'Deep Blue Sea 3' Review: A garden-variety shark movie that tries but fails to reel in the audience

It starts off with a heavy emphasis on global warming and climate change. In fact, the first few minutes of the film wouldn't be out of place in a National Geographic docu, but then it goes downhill


                            'Deep Blue Sea 3' Review: A garden-variety shark movie that tries but fails to reel in the audience
Tania Raymonde (Warner Bros. Home Entertainment)

Spoilers for 'Deep Blue Sea 3'

The 1999 shark attack thriller 'Deep Blue Sea' belongs to an absolute classic of the genre. But it looks like the franchise's quality is continuing to dive with each passing sequel. While 'Deep Blue Sea 2' was a passable sequel to the original cult classic, 'Deep Blue Sea 3' is a barely functional imitation. That's a shame to be honest because the movie really does try to be better than what it is.

The film starts off with a heavy emphasis on global warming and climate change. In fact, the first few minutes of the film wouldn't be out of place in a National Geographic documentary. But it's all downhill from there. While Tania Raymonde, Nathaniel Buzolic, and all the other actors put up satisfactory performances, we never really feel invested in the characters or their internal conflicts. And at the end of the day, it's a shark movie so we're more interested in insane shark-on-human violence than the relationship dynamics of the characters.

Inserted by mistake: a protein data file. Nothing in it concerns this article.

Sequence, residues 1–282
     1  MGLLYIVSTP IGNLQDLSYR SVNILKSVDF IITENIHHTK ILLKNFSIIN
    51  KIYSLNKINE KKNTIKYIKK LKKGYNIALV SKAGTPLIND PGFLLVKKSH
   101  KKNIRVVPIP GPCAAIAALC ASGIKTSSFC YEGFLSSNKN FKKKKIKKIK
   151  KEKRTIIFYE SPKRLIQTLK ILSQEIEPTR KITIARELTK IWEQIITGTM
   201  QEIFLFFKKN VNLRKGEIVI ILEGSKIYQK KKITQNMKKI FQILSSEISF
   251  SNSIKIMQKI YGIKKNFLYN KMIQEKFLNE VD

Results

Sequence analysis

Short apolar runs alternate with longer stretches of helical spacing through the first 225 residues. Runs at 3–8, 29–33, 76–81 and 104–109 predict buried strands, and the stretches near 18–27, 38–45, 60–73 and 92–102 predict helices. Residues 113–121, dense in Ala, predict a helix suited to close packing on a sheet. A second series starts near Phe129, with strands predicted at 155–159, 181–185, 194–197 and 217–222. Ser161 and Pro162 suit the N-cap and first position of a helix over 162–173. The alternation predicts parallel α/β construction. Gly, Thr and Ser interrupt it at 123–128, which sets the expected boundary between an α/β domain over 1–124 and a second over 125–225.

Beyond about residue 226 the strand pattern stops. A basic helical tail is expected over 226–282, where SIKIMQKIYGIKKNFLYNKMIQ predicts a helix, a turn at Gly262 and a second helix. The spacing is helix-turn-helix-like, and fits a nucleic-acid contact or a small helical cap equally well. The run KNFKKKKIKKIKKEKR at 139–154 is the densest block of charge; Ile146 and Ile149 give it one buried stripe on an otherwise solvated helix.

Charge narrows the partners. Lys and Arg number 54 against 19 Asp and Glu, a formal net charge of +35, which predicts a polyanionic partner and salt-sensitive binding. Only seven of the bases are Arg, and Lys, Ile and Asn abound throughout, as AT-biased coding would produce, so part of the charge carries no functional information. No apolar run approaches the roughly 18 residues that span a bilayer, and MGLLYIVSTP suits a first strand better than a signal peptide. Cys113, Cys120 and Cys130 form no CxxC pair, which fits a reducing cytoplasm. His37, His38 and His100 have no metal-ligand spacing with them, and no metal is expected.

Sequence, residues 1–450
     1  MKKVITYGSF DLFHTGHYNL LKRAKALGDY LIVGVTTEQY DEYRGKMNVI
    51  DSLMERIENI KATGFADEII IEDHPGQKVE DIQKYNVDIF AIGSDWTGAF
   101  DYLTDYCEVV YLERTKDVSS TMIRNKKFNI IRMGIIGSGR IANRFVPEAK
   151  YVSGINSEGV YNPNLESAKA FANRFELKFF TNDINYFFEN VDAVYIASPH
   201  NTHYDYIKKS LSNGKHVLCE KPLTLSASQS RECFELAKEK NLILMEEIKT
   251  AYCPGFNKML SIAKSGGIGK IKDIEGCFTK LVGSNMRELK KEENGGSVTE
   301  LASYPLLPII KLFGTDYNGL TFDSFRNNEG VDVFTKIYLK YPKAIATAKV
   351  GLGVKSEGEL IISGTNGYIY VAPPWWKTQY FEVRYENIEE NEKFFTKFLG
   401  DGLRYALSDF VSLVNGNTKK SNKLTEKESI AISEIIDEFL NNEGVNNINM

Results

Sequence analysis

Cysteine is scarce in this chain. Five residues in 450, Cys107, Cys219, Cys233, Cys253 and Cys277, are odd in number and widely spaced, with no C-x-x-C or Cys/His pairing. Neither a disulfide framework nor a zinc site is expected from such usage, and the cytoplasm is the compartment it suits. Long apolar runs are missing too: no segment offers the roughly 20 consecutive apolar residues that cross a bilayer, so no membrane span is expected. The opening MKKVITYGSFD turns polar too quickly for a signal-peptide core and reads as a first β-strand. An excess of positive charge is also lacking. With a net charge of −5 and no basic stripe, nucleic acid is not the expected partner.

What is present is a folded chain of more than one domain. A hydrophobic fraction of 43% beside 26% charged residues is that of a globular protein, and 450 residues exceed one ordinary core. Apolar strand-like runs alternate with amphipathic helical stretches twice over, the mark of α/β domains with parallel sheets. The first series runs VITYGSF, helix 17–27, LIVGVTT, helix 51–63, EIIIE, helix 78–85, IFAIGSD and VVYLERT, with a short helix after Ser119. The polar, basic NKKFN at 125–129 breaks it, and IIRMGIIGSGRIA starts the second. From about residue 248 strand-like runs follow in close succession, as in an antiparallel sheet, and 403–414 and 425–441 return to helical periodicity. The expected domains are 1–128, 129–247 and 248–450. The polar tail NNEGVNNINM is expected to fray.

Unfortunately, that's where the movie fails. Sure, there's plenty of horrific bloodshed in the latter half of the movie but the film spends far too long setting up the action instead of diving headfirst into the bloody waters.



 

 

'Deep Blue Sea 3' never really finds its stride. It is no 'Jaws'. It starts out as an ecological warning and quickly shifts to a horror movie, without really hitting the beats for either genre. 

There are some parts of the movie where it feels like there are two separate stories going on that keep interrupting one another. For example, there's a scene where two of the characters, Spin (Alex Bhat) and Miya (Reina Aoi) are being chased by a shark before taking a random break to profess their love for one another. One kiss later and the romance is interrupted by a jump scare with a shark literally leaping out of the water to bite Spin in half.

The filmmakers really should have figured out what they want this movie to be before making it because as it stands, we have no idea what it's supposed to be. The only real connection that we can see between 'Deep Blue Sea 3' and the rest of the franchise is that the "villains" of the movie, the three bull sharks, are revealed to be the same sharks who escaped at the end of the previous film. Apart from that, this movie is practically indistinguishable from the dozens fo shark movies that come out every year.

'Deep Blue Sea 3' was released via Video On Demand on July 28.

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